Manufacturing’s Effect on Bullet Performance
The manufacturing process that a bullet producer uses impacts different performance metrics of precision bullets in many ways. Not all manufacturing processes are created equal, which is why not all bullet brands can hold the same tolerances as each other and also why different bullet brands’ performance can vary even though to the naked eye the bullets look similar in quality and design. This series has explored many elements of Ballistic Coefficients (BC’s) for modern long range bullets. Many of these properties manifest from aspects of bullet manufacturing. Below are some specific ways in which the manufacturing process impacts the important performance metrics of precision bullets.
Manufacturing’s Effect on BC
Manufacturing can affect BC in a couple ways. One way is how low of a drag profile can be achieved with a given type of manufacturing. For example, Open Tip Match (OTM) style bullets have a small blunt tip (meplat). The diameter of this tip is determined by the size of knock out pin that’s required to eject the bullet from the ogive forming die. If you’ve ever wondered why they don’t make the bullet tips smaller, for OTM style bullets, the answer is that it would require a smaller knock-out pin that would not be strong enough to reliably eject bullets from the ogive swaging dies.
Berger has created an improvement to the conventional OTM geometry by closing the tips after forming ogives in a proprietary process called Meplat Reduction Technology (MRT). MRT is applied to Long Range Hybrid Target bullets, and results in a higher and more consistent BC compared to bullets without MRT.
Another way manufacturing affects BC is related to consistency of dimensions. How consistent are the bullets within a lot? If there’s a great deal of geometric variation in a lot of bullets, this will result in a large BC variation from shot-to-shot, and increase vertical dispersion at long range.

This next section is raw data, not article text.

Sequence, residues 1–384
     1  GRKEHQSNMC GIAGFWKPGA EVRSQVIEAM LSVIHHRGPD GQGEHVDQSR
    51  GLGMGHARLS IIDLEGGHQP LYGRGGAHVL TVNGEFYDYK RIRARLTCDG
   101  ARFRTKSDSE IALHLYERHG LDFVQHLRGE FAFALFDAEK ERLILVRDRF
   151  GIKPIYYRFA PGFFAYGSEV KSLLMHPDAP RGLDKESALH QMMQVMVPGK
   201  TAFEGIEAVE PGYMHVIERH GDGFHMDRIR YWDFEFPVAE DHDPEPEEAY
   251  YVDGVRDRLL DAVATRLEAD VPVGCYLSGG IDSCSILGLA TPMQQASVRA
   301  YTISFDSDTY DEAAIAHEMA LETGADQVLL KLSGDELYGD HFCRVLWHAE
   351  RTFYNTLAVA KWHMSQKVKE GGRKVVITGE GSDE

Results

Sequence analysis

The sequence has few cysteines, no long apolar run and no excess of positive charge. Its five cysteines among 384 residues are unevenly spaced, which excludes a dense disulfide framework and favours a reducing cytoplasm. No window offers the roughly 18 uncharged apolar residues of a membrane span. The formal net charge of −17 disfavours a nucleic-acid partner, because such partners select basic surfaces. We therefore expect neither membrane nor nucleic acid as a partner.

Manufacturing’s Effect on Accuracy
Recall the definition of accuracy – how close the center of your group is to the aim point. With this in mind, bullet manufacturing has very little to do with accuracy. Accuracy is mostly achieved by managing your sights/scope well, and applying accuracy elevation and windage corrections for long range shots. Even though you’ll hear many commercials claim “Enhanced Accuracy” as an attribute of a bullet, this is the “No BS BC” article series so we’re setting that straight! Accuracy comes from good aiming, precision comes from good rifles and bullets.
If we’re reaching, one possible way that a bullet might contribute to accuracy is consistency from lot-to-lot. Suppose you are shooting long range and your ballistic solution is accurate for the bullets you are shooting. Your group will be centered on target at long range. Now if you change lots of bullets, and the new lot has a different average BC, your trajectory predictions will be inaccurate. In this case, the inaccuracy is caused by lack of consistency in the bullet manufacturing. You would have to adjust the BC in the ballistic solver to make it accurate for the new lot of bullets.
Manufacturing’s Effect on Precision
The precision of a bullet is affected a great deal by quality manufacturing. In fact, when you see commercials bragging about a claimed high quality bullet being accurate, what they likely mean to claim is precision, meaning the ability of the bullet to shoot small groups.
Berger Bullets was founded on the innovation of precision bullet manufacturing. To achieve precision with a projectile that’s spinning at over 100,000 RPM, mass balance is essential. Mass balance is driven by the concentricity of the jacket. In other words, the copper jacket needs to be the same thickness all the way around, so the heavy lead core is centered on the spin axis. Anywhere the jacket is thicker or thinner introduces a mass imbalance, that creates dispersion right out of the muzzle. For this reason, Berger has established the highest standard in the industry for jacket concentricity: 0.0003” is the max tolerance for run out (difference between thickest and thinnest part of the jacket). With such well balanced jackets, Berger is able to make bullets that are precise enough to win at every level of competition from PRS and F-class to ELR and Benchrest.
All Berger bullets are made with J4 Precision Bullet Jackets, which are well known in custom bullet making circles for holding the tightest tolerances in the industry.
Want a bullet that has both a high BC and a consistent BC? Learn more about our new Long Range Hybrid Target bullets.